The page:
Alimanesianu v. United States, No. 17-1667 (Fed. Cir. 2018)

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Justia Opinion Summary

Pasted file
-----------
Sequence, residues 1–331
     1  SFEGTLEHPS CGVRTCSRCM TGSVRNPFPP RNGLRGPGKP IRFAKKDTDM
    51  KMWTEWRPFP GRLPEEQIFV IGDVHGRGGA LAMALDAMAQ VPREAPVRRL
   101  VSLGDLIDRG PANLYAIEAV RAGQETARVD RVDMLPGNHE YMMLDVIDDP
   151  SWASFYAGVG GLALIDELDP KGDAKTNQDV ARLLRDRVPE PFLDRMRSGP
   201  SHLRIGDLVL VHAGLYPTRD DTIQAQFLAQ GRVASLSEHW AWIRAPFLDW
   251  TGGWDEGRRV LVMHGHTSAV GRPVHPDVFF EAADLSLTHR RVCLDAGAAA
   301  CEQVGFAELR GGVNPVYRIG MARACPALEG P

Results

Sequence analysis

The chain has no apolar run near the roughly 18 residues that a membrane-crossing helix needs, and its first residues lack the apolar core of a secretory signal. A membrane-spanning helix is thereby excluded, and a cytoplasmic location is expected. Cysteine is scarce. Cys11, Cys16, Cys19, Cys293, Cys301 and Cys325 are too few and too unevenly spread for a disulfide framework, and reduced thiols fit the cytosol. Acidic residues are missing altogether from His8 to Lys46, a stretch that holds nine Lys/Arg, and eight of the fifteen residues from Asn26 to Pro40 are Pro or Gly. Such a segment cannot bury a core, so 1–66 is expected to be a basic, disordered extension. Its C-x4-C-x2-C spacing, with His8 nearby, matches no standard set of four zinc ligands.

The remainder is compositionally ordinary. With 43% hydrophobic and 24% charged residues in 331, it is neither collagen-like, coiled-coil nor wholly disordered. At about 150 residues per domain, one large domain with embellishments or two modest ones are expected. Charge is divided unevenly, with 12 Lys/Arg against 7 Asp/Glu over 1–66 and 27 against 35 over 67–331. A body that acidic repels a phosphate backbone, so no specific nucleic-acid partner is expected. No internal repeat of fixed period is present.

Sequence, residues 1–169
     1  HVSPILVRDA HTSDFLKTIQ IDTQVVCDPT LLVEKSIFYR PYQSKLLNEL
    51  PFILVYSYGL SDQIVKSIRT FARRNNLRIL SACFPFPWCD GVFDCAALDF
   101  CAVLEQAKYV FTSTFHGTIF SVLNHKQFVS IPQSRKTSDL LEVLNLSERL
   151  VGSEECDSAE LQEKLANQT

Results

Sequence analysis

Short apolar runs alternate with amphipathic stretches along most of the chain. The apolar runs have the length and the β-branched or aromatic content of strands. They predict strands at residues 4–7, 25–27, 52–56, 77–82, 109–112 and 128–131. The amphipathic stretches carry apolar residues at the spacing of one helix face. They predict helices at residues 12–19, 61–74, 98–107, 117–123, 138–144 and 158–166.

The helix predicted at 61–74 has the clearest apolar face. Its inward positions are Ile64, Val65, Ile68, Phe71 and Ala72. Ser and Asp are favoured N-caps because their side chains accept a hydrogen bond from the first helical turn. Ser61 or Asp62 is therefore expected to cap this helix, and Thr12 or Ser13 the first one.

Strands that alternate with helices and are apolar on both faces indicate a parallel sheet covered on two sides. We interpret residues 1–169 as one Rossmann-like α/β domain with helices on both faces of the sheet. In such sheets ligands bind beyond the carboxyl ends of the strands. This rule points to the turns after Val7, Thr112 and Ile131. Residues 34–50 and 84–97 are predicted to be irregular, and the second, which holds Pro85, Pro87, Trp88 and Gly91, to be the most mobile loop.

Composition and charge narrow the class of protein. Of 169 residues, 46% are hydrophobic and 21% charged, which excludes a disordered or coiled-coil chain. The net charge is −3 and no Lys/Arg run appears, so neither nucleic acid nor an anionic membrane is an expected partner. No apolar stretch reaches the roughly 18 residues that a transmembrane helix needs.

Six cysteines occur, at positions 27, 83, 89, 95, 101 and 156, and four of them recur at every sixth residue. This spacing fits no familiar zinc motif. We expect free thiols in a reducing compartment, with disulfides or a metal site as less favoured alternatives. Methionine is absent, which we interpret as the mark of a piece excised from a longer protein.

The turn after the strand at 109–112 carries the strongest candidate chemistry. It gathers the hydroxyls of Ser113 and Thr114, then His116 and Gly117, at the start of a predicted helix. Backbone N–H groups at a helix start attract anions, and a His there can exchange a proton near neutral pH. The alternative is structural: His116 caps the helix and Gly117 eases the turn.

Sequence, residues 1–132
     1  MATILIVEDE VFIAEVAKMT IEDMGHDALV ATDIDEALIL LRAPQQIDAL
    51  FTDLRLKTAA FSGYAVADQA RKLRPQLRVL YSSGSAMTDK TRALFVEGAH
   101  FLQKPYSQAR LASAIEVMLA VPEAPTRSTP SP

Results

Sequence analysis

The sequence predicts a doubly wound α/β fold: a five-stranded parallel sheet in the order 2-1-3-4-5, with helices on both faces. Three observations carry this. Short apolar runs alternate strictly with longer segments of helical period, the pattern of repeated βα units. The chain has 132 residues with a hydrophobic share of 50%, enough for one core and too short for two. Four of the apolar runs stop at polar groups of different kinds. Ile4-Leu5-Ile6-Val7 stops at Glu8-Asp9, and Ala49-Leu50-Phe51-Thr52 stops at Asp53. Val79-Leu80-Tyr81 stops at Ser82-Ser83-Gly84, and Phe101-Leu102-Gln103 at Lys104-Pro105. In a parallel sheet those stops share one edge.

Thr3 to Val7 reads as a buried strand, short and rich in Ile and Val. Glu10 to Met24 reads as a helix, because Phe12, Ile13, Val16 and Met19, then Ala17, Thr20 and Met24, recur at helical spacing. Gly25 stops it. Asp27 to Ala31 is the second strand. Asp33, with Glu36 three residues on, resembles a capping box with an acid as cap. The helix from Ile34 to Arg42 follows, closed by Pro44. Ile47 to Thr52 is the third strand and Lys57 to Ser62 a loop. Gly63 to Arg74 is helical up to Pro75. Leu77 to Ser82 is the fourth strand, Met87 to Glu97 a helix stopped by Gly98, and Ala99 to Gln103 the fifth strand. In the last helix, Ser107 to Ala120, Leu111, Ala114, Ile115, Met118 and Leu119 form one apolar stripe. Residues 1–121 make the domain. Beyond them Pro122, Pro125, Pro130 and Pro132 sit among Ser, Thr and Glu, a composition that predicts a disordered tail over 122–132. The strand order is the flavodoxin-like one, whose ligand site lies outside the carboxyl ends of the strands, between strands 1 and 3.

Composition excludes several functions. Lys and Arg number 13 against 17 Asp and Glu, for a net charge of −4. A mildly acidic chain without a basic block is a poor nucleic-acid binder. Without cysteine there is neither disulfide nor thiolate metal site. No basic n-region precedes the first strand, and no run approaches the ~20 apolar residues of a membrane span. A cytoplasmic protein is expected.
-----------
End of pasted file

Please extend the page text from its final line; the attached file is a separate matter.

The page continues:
Alimanestianu, a U.S. citizen, was killed in the 1989 bombing of Flight 772 by the Abu Nidal Organization. The State Department determined that the Libyan government sponsored the bombing. Libya was protected from suit in the U.S. under the Foreign Sovereign Immunities Act (FSIA); in 1996, FSIA was amended to permit claims for personal injury or death caused by acts of foreign sovereigns designated as state sponsors of terrorism, 28 U.S.C. 1605(a)(7). Libya had been designated in 1979. In 2002, the Alimanestianus and others sued Libya and obtained summary judgment in 2008, awarding $6.9 billion in total; the Alimanestianus received $1.297 billion. While the defendants appealed, the United States entered into a Claims Settlement Agreement with Libya. Libya agreed to deposit $1.5 billion into a humanitarian fund, $681 million of which was for claims by U.S. nationals for wrongful death or physical injury in pending case as “a full and final settlement.” The Foreign Claims Settlement Commission subsequently awarded the Alimanestianus $10 million. The Federal Circuit rejected a claim that vacating their judgment constituted a compensable taking. The court considered the Penn Central factors: the Executive has an overwhelming interest in conducting foreign affairs; the plaintiffs have no evidence that they had an investment-backed expectation in their claims and nonfinal judgment; plaintiffs’ claim that the Commission’s award was less than their nonfinal judgment does not refute that they received more than they would have without government action.